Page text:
Q Richard, Do you have any idea what's going on in Iraq, particularly in regard to the executions of merchants in -- MR. BOUCHER: The executions. We understand that some Iraqi merchants were executed by the Baghdad regime on charges of profiteering and price gouging. We don't have any details or specific numbers for you. These executions sparked mass demonstrations in several Iraqi cities that were brutally put down by Saddam's forces. To us, this is another indication that the Baghdad regime considers clinging to power more important than individual human life and the well-being of the Iraqi people. Executing these people in the Iraqi private sector who have been importing food and goods into the country will only exacerbate the suffering of the Iraqi people in Baghdad as well as elsewhere. The fact that Saddam is cracking down on these merchants who had been working with the regime, shows that Saddam continues to narrow his base of support. Q Some of the reports had said that these executions followed earlier demonstrations -- popular demonstrations -- apparently food riots and such. Do you know about those? MR. BOUCHER: I don't know about earlier demonstrations. I do know that after the executions that there were mass demonstrations that were subsequently brutally repressed. Q Do you know which cities? MR. BOUCHER: I don't have that for you. I'll see if we can provide that. Q Richard, when you say "brutally put down," I mean, did that involve deaths, troops opening fire, that sort of thing? MR. BOUCHER: I don't think I have that sort of detail at this point, Howard. Q Over the weekend, Iraq reasserted its claim to Kuwait as the 19th province of Iraq. Do you have any reprise of old guidance, perhaps, on that score? MR. BOUCHER: Well, first of all, I'd say that the reassertion by Iraq once again proves the correctness of the international community's stance against Iraq. We see that Iraq has not changed its aggressive posture toward Kuwait. Fortunately, after Desert Storm and with the U.N. sanctions regime in place, the international community is in a position to insure that these threats don't materialize. Q Richard, Rolf Ekeus is on the schedule as seeing Under Secretary Kanter today. Can you tell us anything about that meeting and who asked for it? MR. BOUCHER: I don't know specifically who asked for it. It's one in a series of periodic meetings that we have with Ambassador Ekeus as part of his meetings and consultations with members of the U.N. Security Council. We expect that he'll be talking with the Under Secretary about his trip to Baghdad in connection with the most recent inspection of the Agriculture Ministry. Q Can we get a readout afterwards? MR. BOUCHER: I'll see what we can get you on that. Q Still on that subject, has there been any suggestion from the U.N. or from Ekeus perhaps individually -- any concern expressed about the conduct of the U.S. Marine exercises in Kuwait as exacerbating or in some way interfering with the U.N.'s ability to do its job inside Iraq? MR. BOUCHER: Not that I've heard of. Q Ambassador Perkins, testifying last week, said that in the next week -- meaning about now -- he expected to introduce in the Security Council an enforcement resolution to make Iraqi violations of Resolution 688 subject to possible use of military force by the coalition. Do you know anything about how that is progressing? MR. BOUCHER: No, I don't. I'm not really aware of anything in play at this point. I'll see if there's anything we can get you. Let's go to the back. Q Richard, two quick questions, one on the Israel technical assistance to Central Asia. I notice that Azerbaijan is not included. Is there any particular significance to that? And, secondly, could we have a copy of any of the announcements -- the official announcements of this, exchange of letters, that sort of thing? MR. BOUCHER: I think we did an official announcement last week of it and put that out. I don't know what more you're asking for. Q But you didn't have the actual agreements between the -- MR. BOUCHER: The actual agreements? Q Yes. MR. BOUCHER: I'll see what form they're in and whether there's something that we can provide, certainly. Q And what -- MR. BOUCHER: I don't know why Azerbaijan is not included. This is where -- these are the five states. Q What's the source -- Q Excuse me. What's the source of funding on that? Is that U.S. aid? MR. BOUCHER: I'd have to double-check. If it wasn't in the announcement, I don't know -- I mean, I don't know most of what was in the announcement either, but I'm falling back on it now. Q Richard, what is the latest on the Freedom Support Act? Will it be taken up by the House this week? MR. BOUCHER: We hope so. That's a matter of congressional scheduling. I don't think it's firmly scheduled, but there's an expectation that the House would vote on it this week, and, of course, our strong, firm, complete, total support for it remains as it was. Q Richard, anything new on the hunt for Escobar? MR. BOUCHER: Escobar? No. Q Richard, anything new on the deployment of to troops to Kuwait beyond what the Pentagon's been saying? MR. BOUCHER: No.

[Haiti: Supreme Court Injunction Stay Allows US to Return Boatpeople]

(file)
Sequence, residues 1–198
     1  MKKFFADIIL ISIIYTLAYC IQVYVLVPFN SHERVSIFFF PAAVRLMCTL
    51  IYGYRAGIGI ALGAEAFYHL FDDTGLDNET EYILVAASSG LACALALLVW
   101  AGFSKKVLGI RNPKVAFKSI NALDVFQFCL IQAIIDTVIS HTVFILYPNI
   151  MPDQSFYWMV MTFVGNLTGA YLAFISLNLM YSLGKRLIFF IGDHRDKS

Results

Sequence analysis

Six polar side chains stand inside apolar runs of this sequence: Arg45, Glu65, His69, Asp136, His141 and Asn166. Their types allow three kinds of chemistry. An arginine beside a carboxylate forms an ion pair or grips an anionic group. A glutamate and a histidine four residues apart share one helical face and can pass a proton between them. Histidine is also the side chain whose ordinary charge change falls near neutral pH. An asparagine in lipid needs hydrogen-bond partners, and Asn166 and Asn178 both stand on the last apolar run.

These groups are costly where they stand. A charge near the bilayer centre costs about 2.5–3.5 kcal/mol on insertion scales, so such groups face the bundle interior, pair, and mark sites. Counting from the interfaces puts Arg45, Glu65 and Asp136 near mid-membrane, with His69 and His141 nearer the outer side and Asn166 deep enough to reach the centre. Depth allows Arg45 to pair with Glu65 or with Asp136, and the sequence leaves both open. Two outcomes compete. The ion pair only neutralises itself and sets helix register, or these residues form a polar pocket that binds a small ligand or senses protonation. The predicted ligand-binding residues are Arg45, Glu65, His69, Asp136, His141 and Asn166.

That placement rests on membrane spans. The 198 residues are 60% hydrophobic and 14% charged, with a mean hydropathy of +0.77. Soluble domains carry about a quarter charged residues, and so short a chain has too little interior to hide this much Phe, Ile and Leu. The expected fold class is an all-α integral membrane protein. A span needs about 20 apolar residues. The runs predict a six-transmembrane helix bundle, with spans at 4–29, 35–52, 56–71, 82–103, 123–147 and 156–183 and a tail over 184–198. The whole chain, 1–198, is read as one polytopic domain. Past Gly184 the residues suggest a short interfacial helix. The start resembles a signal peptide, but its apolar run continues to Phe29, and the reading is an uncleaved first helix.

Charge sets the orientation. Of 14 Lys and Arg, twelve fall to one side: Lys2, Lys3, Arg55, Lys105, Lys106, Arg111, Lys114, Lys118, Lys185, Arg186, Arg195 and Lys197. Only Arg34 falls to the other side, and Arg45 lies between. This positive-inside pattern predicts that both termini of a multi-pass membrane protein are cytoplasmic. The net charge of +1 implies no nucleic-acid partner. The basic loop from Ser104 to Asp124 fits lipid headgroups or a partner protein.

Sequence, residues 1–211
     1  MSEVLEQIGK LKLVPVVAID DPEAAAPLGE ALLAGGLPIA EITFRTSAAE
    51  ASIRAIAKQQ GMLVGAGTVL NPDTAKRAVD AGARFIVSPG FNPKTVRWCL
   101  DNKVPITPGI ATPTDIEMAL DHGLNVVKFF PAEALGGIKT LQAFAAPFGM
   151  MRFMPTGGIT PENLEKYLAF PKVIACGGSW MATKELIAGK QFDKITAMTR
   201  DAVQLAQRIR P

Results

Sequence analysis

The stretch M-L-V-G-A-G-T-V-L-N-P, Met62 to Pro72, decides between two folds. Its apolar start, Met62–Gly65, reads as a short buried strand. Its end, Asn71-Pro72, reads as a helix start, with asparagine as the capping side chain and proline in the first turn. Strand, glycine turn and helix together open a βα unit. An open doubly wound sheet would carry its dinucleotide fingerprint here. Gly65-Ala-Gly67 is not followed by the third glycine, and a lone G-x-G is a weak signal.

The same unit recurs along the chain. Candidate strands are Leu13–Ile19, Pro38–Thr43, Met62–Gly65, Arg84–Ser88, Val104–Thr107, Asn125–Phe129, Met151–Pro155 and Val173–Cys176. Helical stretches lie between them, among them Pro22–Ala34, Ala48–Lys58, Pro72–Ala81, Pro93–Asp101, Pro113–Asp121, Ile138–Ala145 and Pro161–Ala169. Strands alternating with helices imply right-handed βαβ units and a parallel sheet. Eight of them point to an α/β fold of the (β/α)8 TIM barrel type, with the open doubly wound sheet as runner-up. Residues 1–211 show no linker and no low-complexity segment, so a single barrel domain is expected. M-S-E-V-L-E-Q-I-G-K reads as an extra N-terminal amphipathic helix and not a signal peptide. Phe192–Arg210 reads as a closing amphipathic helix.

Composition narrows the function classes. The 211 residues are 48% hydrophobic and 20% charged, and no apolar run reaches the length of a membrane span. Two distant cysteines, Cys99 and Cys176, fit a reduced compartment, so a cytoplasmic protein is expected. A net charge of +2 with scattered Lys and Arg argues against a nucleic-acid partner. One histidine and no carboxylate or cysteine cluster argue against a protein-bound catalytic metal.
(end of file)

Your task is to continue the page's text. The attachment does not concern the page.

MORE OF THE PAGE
Q Haitian -- anything new there? MR. BOUCHER: I can review for you the Supreme Court decision and what it means, but that's about all there is that's new. August 1, 7 to 2 ruling, the Supreme Court stayed the injunction on the return of people. It allows the government to continue its repatriation policy. The Supreme Court must now decide whether it will take the case on the merits of the legality of the President's direct repatriation policy. It set a briefing schedule. The government's position is due on August 24. The Haitian Center's response, September 8. And then a decision on whether or not to hear the case is not expected from the Supreme Court until the fall. If the Court decides to take the case, the stay will remain in effect until the merits of the case are resolved. If it decides not to take the case, the stay will terminate immediately. In the meantime, the government will continue to return any Haitians picked up at sea directly to Haiti. They will not be screened or taken to Guantanamo or to the United States. We continue to urge Haitians not to go to sea in an attempt to reach the United States. The voyage is long and dangerous and many have lost their lives at sea. We urge any Haitians who believe they may qualify for refugee status to go to the United States Embassy in Port-au-Prince for consideration. In terms of what's happening, according to the latest information from the Coast Guard this morning, there have been no Haitian vessels sighted or interdicted since the Court injunction. Q One little housekeeping thing relative to -- you know, related to Baker's vacationing and so on. You -- the State Department routinely puts on its public schedule his -- what it calls his regular weekly meetings with the President on Wednesdays and Fridays, and it often answers questions about whether the Secretary of State has had contact with other Foreign Ministers. Can we expect that sort of information flow to continue during the course of his vacation if he speaks with -- what -- just to pick a name out of the hat -- a Russian Foreign Minister or something like that, could we expect a report on it here, or how would we be kept apprised of those regular contacts of that sort? MR. BOUCHER: I'm not sure we have reported on every phone conversation the Secretary has had, but when he's had significant phone conversations -- whether he was in Washington or elsewhere -- that related to something we were telling you about, then we have always mentioned them, and we expect to continue to do that. Q What about the political phone conversations now? MR. BOUCHER: I don't know what you're talking about. I do foreign policy. Q With Fred Malek or people of that sort. Q Does he have any plans to be regularly in touch with President Bush while he's on vacation? MR. BOUCHER: I'm sure he will, Ralph. He's always in touch with the President. Q Richard, can I ask one final one -- one anyway on Yugoslavia. In view of the fact that the United States is now confirming that there are such things a detention camps and torture going on at the hands of the Serbs, does the United States intend to bring this matter to the Security Council's attention so as to perhaps relieve some of the pressure on the people in those camps? MR. BOUCHER: Saul, I think Ralph asked before if there were any specific consultations going on with a view to a course of action on this. I'll have to check and see if there is anything specific like that underway. At this point I said it was an issue of deep concern to us. I'm sure it's of deep concern to many other countries, and we consult regularly with other members of the Security Council and allies about the situation. I can't imagine that we would not try to do whatever we could to relieve the pressure on the people in these camps. Q I wondered if you might take some special action, like issuing a special warning to Belgrade or trying to be a little bit more forceful than you have been from this podium on this particular issue since you're now confirming the stories that there are concentration camps. I assume the United States does not want to be put in the position that it was after the Holocaust of wondering whether it could have done more. MR. BOUCHER: Saul, if there's a failure to be forceful, ascribe it to myself. But I said we were deeply concerned about this. I said we wanted to see the ICRC get in there and take care of these people. I think we've made clear in no uncertain terms our intent to see that humanitarian problems are relieved, and that people get the help they need. Q But we do know that the ICRC -- MR. BOUCHER: If there is anything further to tell you on a specific course of action, other than our support for the ICRC getting in there, I'll try to get you something later. Q The ICRC was getting into concentration camps inside Germany and seeing what they wished to show the ICRC representatives. I'm asking if the United States Government as a matter of policy, aside from G-7, and because of what has happened in the past, is going to take some sort of action -- not military action, but at least diplomatic or political action of some force to give some comfort and support to the people inside these concentration camps. MR. BOUCHER: Saul, I will see if there's any specific list of measures I can give you. I would remind you that we have taken very forceful diplomatic and economic sanctions against the regime in Belgrade, and that we've worked over weeks and months to make sure that those are very tightly enforced. Q Richard, I was looking at this announcement you have about France and the NPT. What is the status of France and nuclear testing? Have they stopped now their testing in the Pacific? MR. BOUCHER: Better go ask the French. Q You don't -- do you remember, off the top of your head? MR. BOUCHER: Not off the top of my head. Someone say thank you? (No response) (The briefing concluded at 1:05 p.m.)